The Song of Zechariah

 
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As we enter into another Advent Season, it is good to be reminded that doing the unlikely and unreasonable is standard procedure for our God when He dramatically advances His redemptive plan. Perhaps, however, that description is too weak. When poised to accomplish work central to His plan of salvation, the Lord God usually chooses methods that border on the outlandish and impossible.

When poised to accomplish work central to His plan of salvation, the Lord God usually chooses methods that border on the outlandish and impossible.
— Steven Hein

Throughout the Bible, seemingly impossible pregnancies and very late-in-life births often advance God’s plan to save sinners. God grants the conception of the prophet, Samuel, to the pious but barren Hannah (1 Sam. 1:3-20). While Isaac was not the promised seed of Abraham, God’s advances His covenant through his unlikely birth; a birth which miraculously (and hilariously, according to Sarah) takes place when Abraham is a centenarian and his previously barren wife, Sarah, is in her nineties (Gen. 18:12).  Following these curious precedents in the Old Testament, the conception of John the Baptist is another good example of this theme (Luke 1:5-25).

In addition to such strange and surprising methods, the Lord God likes to take His own good time and usually plenty of it when moving His plan of redemption forward. Only God knows how many thousands of years passed before He acted on His promise to the Devil that the seed of the woman would crush his head (Gen. 3:15). Some 2000 years passed before God delivered the chosen seed of Abraham by which all the nations of the world would be blessed (Gal. 3:16). With no sarcasm intended, the Apostle Paul declared that it finally happened in the fullness of time (Gal. 4:4).

The familiar Biblical narratives leading up to the birth of Christ recount events that seemed incredulous at the time and still do today. Mary believed the incredible announcement of the angel Gabriel that as a virgin, she would conceive a son by the Holy Spirit to be named Savior (Jesus). Her wonderful and moving words of faith and thanksgiving upon receiving this startling news form a song known as the beautiful Magnificat (Luke 1:46-55).

But, let’s get back to aged barren women and consider the events that surrounded the conception and birth of John the Baptist. The elderly priest Zechariah had an equally elderly wife, Elizabeth, and she was barren (Luke 1:5-7). Of course! Before being dispatched with tidings for the Virgin Mary, the angel Gabriel is sent to Zechariah to inform him that Elizabeth would become pregnant and bear a son. No, he would not carry on Zechariah’s priestly work, and no, he would not carry his name. He would become a prophet in the spirit of Elijah, and his name would be John. He would return many in Israel to their God and make them prepared to receive the Lord (Luke 1:16-17, 2:59-60). Understandably, Zechariah finds this announcement to be just as unbelievable as Sarah did 2000 years before. Though he did not laugh, his disbelief rendered him speechless; unable to talk until the child was born, named, and circumcised (Luke 1:18-20, 2:57-64).  

Zechariah spends nine months in silence, pondering the words spoken to him by Gabriel before he regains his voice.  Filled with the Holy Spirit, he proclaims a magnificent prophecy about the nature and importance of John’s prophetic ministry. He foretells and extols how his son will serve to prepare sinful people to gain knowledge of their salvation in the forgiveness of sins that will flow from God’s tender mercy. The rise of the Sun from on high will give light and forgiveness to those who sit in the dark places of the shadow of death (Luke 1:77-79). John will baptize sinners for repentance and the forgiveness of sins to prepare for the coming of the Promised One.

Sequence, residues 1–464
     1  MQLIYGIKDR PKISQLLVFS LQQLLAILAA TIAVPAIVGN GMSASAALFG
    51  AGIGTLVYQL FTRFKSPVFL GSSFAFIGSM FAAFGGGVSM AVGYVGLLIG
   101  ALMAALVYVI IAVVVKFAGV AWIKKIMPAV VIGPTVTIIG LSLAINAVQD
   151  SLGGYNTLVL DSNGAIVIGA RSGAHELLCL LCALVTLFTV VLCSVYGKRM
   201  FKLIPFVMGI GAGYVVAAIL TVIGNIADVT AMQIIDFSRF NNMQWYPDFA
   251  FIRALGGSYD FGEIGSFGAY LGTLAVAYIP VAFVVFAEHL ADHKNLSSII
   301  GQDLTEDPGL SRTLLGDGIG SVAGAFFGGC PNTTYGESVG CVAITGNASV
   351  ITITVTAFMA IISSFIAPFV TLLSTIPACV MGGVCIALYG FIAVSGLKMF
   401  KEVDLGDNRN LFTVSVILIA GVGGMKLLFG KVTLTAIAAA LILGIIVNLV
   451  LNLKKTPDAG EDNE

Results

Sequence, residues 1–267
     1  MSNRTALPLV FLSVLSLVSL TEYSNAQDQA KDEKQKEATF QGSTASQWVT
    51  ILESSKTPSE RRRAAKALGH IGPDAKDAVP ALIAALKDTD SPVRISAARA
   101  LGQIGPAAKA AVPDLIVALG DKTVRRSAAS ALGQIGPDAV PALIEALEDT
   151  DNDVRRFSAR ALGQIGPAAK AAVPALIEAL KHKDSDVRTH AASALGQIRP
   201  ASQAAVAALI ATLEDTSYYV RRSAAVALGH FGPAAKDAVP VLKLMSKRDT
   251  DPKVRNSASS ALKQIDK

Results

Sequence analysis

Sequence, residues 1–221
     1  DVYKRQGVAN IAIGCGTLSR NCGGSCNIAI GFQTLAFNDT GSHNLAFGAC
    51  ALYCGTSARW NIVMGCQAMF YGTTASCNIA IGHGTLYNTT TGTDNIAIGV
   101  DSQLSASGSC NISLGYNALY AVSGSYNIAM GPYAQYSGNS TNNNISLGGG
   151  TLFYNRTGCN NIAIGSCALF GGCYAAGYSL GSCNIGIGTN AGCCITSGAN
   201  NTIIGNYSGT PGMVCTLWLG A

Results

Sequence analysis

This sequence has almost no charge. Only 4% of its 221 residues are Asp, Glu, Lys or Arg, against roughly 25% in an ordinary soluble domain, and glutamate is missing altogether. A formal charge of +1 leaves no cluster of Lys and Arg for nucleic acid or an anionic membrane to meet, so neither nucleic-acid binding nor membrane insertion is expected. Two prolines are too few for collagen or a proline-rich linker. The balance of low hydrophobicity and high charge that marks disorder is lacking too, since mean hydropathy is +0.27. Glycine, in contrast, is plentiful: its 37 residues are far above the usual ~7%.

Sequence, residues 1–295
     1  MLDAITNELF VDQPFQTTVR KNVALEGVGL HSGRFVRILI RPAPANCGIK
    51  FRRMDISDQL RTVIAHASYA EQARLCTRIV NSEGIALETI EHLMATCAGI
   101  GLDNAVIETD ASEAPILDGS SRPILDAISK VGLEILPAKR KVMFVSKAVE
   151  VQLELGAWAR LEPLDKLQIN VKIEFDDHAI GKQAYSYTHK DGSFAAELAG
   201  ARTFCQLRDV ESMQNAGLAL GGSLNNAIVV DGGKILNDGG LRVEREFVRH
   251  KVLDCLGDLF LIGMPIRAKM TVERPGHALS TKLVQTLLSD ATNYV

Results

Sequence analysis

His prophecy is an incredible confession of faith similar to Mary’s Magnificat. It too has become a loved canticle in the Church known as the Benedictus. Benedictus Dominus Deus (Blessed be the Lord God) are the opening words of Zechariah’s prophecy (Luke 1:68). His words are fitting for us to ponder and take to heart. And again, this Advent Season, let us avail ourselves to God’s work of remaking a repentant highway in the wilderness of our sin-filled hearts to receive anew the One who is coming in the Name of the Lord.

Zechariah’s prophecy about John’s ministry also comes to us in the fullness of our time.
— Steven Hein

If we think about it, there is good reason to thank God that He continues to take His time and uses unexpected means to advance His saving work. Incredible and amazing as it may also seem, Zechariah’s prophecy about John’s ministry also comes to us in the fullness of our time. Some 2000 years-plus after John did his baptizing in the wilderness along the Jordan River, his ministry of repentance and forgiveness of sin comes to prepare us to receive the Word made flesh. The dark places in the shadow of our death have been overcome by the Son of God who will come again to enlighten us and guide us in the way of peace (Luke 1:78-79). We too have been overshadowed by our gracious God, and He has brought about a most miraculous conception and rebirth of new life in the barrenness of our hearts. And as with Mary, it has been conceived and brought forth solely by the life-giving Word of God and the Holy Spirit. How strange and how wonderful dear Lord. Keep it up! A blessed Advent Season to you!

Dr. Steven A. Hein currently serves as Director of The Concordia Institute for Christian Studies, an organization that offers auxiliary educational services to pastors and church gatherings across the country and in West Africa. He also serves as an affiliate professor at The Institute of Lutheran Theology and Colorado Christian University.




 

 

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